Skip to main content

Elder Sexual Abuse and Warning Signs

VOICES4 Call Text Chat

Elder Sexual Abuse and Warning Signs

Sexual abuse of an elderly person occurs when a caregiver or another person forces unwanted sexual contact or penetration with an elderly person.  Older adults are especially vulnerable to perpetrators of sexual abuse. Perpetrators target individuals who they perceive are vulnerable or easy to overpower. They also abuse elders who they think are unlikely to report the abuse or be believed.

 Elder sexual abuse can include:

  • sexual contact with an elderly person who is confused or unable to give consent
  • sexual contact or penetration without the victim’s consent
  • forced nudity
  • photographing a person in a sexual way without that person’s consent

Some elderly victims are unable to give consent due to health conditions, such as dementia or Alzheimer’s disease.  Elderly women are much more likely to be abused than elderly men. Most reports of elder sexual abuse come from nursing homes or other care facilities. Perpetrators can be caregivers, employees, other residents, or another person visiting the facility. Elder sexual abuse also happens outside of nursing homes. Often the perpetrators are caregivers, family, spouses or friends. This type of sexual abuse may be reported less often because of the victim’s isolation from other people. 

Warning Signs

Below are some common physical and behavioral signs that an elderly person has been sexually abused. If an elder is showing these “signs” it doesn’t mean they have definitely been sexually abused.  It’s important to look for a pattern that may suggest someone is sexually abusing the person.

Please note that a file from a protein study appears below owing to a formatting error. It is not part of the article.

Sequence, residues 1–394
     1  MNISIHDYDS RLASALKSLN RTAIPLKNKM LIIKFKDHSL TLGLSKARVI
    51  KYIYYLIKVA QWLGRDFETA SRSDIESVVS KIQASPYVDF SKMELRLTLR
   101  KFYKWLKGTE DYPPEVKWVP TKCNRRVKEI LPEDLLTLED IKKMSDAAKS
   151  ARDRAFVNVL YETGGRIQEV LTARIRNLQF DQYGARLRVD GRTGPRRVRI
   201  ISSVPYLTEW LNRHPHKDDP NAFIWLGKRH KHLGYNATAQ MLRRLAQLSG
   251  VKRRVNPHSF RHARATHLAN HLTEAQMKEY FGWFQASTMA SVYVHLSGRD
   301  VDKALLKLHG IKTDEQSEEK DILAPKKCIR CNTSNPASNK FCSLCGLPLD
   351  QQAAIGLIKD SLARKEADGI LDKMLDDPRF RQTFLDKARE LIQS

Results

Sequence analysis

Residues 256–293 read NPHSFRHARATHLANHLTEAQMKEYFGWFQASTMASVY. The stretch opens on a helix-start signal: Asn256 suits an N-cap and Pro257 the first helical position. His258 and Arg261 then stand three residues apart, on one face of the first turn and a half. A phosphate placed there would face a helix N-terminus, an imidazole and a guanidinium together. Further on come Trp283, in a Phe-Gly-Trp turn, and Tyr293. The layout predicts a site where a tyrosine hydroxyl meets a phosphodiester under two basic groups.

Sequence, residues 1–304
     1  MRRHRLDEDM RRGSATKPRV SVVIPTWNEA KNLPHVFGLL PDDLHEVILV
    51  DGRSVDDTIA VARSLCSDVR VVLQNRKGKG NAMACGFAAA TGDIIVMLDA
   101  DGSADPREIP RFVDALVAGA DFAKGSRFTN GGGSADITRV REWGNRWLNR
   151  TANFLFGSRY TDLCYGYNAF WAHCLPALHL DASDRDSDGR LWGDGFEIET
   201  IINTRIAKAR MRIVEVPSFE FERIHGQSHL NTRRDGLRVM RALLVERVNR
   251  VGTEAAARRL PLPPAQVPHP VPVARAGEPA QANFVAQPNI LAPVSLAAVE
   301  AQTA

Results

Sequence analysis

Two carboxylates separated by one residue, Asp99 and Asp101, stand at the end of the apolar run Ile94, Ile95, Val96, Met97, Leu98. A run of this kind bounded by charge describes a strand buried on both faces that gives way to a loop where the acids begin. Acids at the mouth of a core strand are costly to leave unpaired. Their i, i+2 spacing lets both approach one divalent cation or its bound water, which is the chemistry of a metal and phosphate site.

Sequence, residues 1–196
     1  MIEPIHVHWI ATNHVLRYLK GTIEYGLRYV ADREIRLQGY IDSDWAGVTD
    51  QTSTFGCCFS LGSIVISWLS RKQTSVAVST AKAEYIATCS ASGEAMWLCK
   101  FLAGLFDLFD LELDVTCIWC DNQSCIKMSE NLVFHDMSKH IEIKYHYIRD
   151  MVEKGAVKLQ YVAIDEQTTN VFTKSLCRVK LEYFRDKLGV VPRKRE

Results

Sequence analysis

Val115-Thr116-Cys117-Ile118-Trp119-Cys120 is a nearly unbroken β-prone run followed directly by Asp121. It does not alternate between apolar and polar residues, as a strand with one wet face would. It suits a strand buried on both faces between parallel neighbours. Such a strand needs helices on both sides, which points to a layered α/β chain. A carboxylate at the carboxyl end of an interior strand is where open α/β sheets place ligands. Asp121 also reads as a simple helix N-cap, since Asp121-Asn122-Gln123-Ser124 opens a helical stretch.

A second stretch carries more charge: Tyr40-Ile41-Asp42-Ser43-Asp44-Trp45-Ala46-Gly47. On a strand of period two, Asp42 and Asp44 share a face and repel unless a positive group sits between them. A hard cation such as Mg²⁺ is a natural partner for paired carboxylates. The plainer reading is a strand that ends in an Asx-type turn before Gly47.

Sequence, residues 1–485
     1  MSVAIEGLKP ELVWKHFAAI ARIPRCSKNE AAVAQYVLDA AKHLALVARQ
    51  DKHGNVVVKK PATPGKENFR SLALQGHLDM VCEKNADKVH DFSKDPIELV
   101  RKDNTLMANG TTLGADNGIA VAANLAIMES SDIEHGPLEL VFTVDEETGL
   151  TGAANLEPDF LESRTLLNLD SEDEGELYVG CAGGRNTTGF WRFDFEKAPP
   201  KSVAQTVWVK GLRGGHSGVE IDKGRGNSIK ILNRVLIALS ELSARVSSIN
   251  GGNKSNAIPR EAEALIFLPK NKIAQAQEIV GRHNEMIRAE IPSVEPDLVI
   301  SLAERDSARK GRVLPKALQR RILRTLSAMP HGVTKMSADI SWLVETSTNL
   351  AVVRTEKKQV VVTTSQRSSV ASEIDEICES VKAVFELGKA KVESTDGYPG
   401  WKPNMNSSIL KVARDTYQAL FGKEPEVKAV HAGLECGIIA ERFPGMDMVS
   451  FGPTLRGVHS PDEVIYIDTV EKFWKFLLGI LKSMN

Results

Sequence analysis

Physical signs

  • Unexplained Sexually Transmitted Disease (STD) or infection
  • Increased difficulty walking or sitting for a long time
  • Bruising of the genitals or inner thighs
  • Bleeding, irritation or pain of anus or genitals
  • Pain when urinating or moving the bowels
  • Bloody, stained or tattered undergarments


Behavioral signs

  • Agitation, anxiety, inability to focus or abrupt change in mood
  • Withdrawing from family, friends or social situations
  • Anxiety or fears about bathing or using the restroom
  • Changes in eating habits or refusing to eat
  • Having an unusual relationship with a caregiver that seems to have sexual elements involved
  • Displaying symptoms of Post-Traumatic Stress Disorder (PTSD)
  • Suicide attempts
  • Nightmares or other sleep problems
  • Experiencing trouble swallowing or an unusual fear of objects near the mouth
  • New fear of specific places or people
  • Refusal to discuss events with others
  • Negative view of his or her body, especially the genital area

Finding Help

If you suspect someone is abusing you or someone you know, there is help. If you are helping a friend or family member, read the helping an elderly survivor section of this web site to learn how to respond in ways that are healing and helpful.

Local Sexual Assault Services Programs: Many Michigan communities have local sexual assault services programs that provide free and confidential crisis support, legal advocacy, medical advocacy, counseling, groups and/or therapy. Some of these programs also operate sexual assault nurse examiner (SANE) programs or refer to nearby SANE programs. You can search for services in your local community online with an interactive map or you can call the Michigan Sexual Assault Hotline about these options in your community. 

Additional resources: Michigan also offers additional help and services to vulnerable adults and seniors through MDHHS and the Aging and Adult Services Agency.

Reporting abuse: You can report abuse of an elderly person or vulnerable adult to the police. You can also report it to the Michigan Adult Protective Services by calling 855-444-3911. If you are a friend or family member, remember the survivor is an adult and should be part of any decision to report to the extent that she or he is able.

Reporting a health facility: You can file a complaint about a nursing home or certified health facility with the Michigan Department of Licensing and Regulatory Affairs or by calling the toll-free Complaint Hotline at 800-882-6006.